Over the course of this series, we’ve examined many aspects of the Expanded Universe and how they might be improved by a potential (hard or soft) reset of the franchise’s accumulated continuity: the rebellion’s struggles to establish its legitimacy in the aftermath of Return of the Jedi, the long-term prospects of the New Republic and the Imperial Remnant, the recent dysfunctional nature of the New Jedi Order and its failure to reach the (rather low) bar set by its predecessor, and the universe’s persistent inability to let go of the torch and let it conclusively pass to a new generation of heroes.
Most of these topics have been fairly broad, dealing with overarching plots and themes that involve entire arrays of characters and span dozens of books and several decades – both in- and out-of-universe. For our final act, however, we’ll be coming down from our bird’s-eye view and taking a more personal approach at evaluating the paths our heroes’ lives have taken since they last appeared on-screen in 1983.
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When we think of Star Wars, our minds usually leap first to the likes of Luke Skywalker, Leia Organa, and Han Solo. It’s a natural enough reaction. They’re Our Heroes, the iconic trio, the protagonists of the Original Trilogy, and more or less the defining figures of the entire saga given how most people view the prequels. But they do not stand entirely alone in the galaxy’s pantheon of heroes.
There were many who came before them, and there are many still to follow, for the tales we see on the screen are but a brief glimpse at the history of a much larger universe. What we will concern ourselves with here today, however, is the generation immediately succeeding the Big Three; their children, their friends, and those who would continue their work to ensure peace and justice in a galaxy that does not see enough of either.
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In the first three installments of this series, we looked at how a reborn Expanded Universe might take advantage of the opportunity for a fresh start offered by the announcement of the Sequel Trilogy to build on its various strengths, improving the treatment of certain elements and elevating others from being merely good to potential greatness. That is not to make the claim, however, that the existing post-Return of the Jedi continuity is entirely without its flaws. Quite the opposite, in fact, as more than a few readers are likely willing to attest.
For the latter half of the series, we’ll be taking a somewhat more critical approach, turning an examining eye upon the structural weaknesses of the universe in the decades following the Battle of Endor, and looking at how a new beginning might enable us to improve what we find to be less than ideal and set what has gone astray back on the right path in addition to reinforcing that which is already fundamentally sound.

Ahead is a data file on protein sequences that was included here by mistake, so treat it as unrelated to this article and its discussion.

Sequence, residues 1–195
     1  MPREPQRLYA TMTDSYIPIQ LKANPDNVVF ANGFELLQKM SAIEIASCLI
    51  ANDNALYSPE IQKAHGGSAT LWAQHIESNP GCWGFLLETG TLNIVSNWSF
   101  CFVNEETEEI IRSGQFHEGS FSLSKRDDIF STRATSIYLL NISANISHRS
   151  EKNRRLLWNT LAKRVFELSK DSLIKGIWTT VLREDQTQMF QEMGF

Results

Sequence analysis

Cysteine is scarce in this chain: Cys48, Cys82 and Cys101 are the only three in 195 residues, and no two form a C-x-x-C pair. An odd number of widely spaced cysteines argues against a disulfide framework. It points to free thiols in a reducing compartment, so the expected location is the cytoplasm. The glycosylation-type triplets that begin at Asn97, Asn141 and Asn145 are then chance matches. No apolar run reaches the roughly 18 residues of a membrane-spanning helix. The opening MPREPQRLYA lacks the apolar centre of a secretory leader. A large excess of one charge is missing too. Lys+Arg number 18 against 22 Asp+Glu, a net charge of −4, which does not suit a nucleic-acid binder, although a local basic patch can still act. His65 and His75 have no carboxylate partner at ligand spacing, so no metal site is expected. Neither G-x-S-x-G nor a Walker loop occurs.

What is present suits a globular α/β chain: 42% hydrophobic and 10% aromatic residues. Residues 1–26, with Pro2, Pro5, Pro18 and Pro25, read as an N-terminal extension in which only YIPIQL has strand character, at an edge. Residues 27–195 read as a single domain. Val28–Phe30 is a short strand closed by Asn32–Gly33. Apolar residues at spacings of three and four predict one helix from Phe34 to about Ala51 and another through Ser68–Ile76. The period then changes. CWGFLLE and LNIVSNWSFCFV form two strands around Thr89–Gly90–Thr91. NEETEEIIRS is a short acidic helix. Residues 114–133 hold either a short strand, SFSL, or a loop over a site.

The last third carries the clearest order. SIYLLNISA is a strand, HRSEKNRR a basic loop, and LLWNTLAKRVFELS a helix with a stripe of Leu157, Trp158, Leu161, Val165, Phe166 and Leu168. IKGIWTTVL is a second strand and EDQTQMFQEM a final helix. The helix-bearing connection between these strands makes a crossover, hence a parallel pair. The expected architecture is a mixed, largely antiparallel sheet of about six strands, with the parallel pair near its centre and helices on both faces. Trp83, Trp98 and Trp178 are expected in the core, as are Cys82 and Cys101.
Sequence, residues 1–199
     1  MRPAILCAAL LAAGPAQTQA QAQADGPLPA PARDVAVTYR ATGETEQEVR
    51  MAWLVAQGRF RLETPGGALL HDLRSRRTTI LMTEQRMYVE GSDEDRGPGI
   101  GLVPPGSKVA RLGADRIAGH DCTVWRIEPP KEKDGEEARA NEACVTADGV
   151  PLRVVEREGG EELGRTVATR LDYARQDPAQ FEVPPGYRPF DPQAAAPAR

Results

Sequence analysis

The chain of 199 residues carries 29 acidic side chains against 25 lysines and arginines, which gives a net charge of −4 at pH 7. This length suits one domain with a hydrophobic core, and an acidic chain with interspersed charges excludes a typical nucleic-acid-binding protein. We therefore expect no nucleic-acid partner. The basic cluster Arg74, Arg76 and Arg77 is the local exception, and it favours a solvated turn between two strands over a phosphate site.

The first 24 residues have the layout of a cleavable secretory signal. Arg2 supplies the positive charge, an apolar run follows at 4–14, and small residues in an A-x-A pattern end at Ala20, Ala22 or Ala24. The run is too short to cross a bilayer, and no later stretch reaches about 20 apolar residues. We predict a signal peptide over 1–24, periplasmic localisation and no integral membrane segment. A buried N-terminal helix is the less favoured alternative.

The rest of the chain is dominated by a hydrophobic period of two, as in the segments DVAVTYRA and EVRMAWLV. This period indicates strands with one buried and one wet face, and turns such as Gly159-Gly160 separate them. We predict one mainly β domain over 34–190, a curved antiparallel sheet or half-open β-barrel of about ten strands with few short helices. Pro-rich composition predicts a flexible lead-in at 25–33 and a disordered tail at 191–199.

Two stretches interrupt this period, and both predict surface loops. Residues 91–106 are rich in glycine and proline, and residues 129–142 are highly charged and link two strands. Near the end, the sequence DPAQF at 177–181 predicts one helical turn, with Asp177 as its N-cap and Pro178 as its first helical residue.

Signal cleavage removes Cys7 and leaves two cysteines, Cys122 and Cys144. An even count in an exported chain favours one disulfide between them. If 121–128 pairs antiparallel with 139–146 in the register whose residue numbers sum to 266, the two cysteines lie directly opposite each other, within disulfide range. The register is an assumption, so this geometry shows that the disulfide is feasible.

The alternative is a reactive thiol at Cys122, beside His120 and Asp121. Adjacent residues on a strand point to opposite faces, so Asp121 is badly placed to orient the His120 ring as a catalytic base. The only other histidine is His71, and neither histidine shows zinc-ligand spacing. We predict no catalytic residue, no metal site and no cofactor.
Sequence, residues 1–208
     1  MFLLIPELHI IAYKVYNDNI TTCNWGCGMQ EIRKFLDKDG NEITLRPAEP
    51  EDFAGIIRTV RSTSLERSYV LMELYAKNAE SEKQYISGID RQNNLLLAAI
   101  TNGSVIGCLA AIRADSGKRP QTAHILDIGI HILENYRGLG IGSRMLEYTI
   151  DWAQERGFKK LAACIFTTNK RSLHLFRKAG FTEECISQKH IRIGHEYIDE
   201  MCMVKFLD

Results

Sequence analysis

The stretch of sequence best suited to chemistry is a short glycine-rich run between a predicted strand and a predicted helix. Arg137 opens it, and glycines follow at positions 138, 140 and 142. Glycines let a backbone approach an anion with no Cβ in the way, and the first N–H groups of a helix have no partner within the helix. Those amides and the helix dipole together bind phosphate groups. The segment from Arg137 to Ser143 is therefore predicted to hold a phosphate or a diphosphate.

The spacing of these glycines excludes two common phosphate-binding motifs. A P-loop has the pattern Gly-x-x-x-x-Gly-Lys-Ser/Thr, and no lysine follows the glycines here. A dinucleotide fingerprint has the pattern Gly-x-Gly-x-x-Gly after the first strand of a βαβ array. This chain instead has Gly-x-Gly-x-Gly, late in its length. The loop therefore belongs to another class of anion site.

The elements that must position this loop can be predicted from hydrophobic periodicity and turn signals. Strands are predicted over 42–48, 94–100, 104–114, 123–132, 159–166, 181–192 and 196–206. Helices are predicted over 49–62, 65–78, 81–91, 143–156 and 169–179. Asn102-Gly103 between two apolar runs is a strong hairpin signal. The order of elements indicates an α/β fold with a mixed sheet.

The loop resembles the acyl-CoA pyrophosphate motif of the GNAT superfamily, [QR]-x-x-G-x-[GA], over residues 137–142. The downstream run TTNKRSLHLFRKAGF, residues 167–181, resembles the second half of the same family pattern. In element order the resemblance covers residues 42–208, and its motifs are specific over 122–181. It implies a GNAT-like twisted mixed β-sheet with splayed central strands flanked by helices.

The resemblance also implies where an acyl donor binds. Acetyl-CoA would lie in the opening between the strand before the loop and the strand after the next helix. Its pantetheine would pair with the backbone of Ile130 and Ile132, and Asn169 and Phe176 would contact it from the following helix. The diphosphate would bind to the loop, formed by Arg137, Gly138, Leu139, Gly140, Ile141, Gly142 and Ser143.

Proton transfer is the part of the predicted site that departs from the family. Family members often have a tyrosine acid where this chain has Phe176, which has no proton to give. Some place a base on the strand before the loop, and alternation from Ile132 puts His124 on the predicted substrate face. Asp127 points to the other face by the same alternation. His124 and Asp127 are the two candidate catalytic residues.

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Save the lightsaber, there are few elements of Star Wars more iconic than the Star Destroyer and the faceless legions of the Imperial Stormtrooper Corps. Every conflict requires its threat and every hero their villain, and there exist few adversaries in fiction as memorable and infamous as the many and varied minions of the Galactic Empire. For an entity so inseparable from the fundamental image of Star Wars, one would logically assume that it would continue to be a major obstacle for our protagonists and play a significant role in the future of the universe well beyond the setbacks it suffered in Return of the Jedi.
Alas, the Expanded Universe had other ideas. The surviving Imperial forces provided little more than a superficial backstory for the comically evil mustache-twirling warlord-of-the-week and generic lightsaber fodder for our heroes to cut and shoot their way through. The likes of Grand Admiral Thrawn, Trioculus, mad Admiral Daala, the warlord Zsinj, Hethrir, and Ysanne Isard all made use of Imperial resources in their battles against the victorious rebels and the New Republic, but remarkably little attention has ever been paid to the Empire’s perspective in all of this – their leaders visible to us only when plotting some diabolical new scheme, otherwise existing only as a menace for our heroes to vanquish. » Read more..
When we first laid eyes on the New Republic, it appeared to us as a child just emerged from infancy. We fed it from our wallets and watched it grow with each new entry. We saw it survive and thrive against all odds in a hostile galaxy. We continued to follow the course of its nearly two-and-a-half decade existence until its eventual demise at the hands of the Yuuzhan Vong and its rebirth as the Galactic Federation of Free Alliances. Much has been said about its life and death, but the Expanded Universe has long remained unusually silent on the circumstances of the New Republic’s creation.
To say overthrowing an entity the size of the Galactic Empire is a difficult task would be a significant understatement, but the process of building a new state remains a far greater challenge. Stories such as the X-wing series, the Thrawn Trilogy, and The Courtship of Princess Leia have told tales of the fledgling government’s conflicts against Imperial holdouts such as Ysanne Isard, Grand Admiral Thrawn, and the warlord Zsinj, but these are primarily military conflicts against external forces – a simple continuation of the Galactic Civil War with foes other than Palpatine and Vader. » Read more..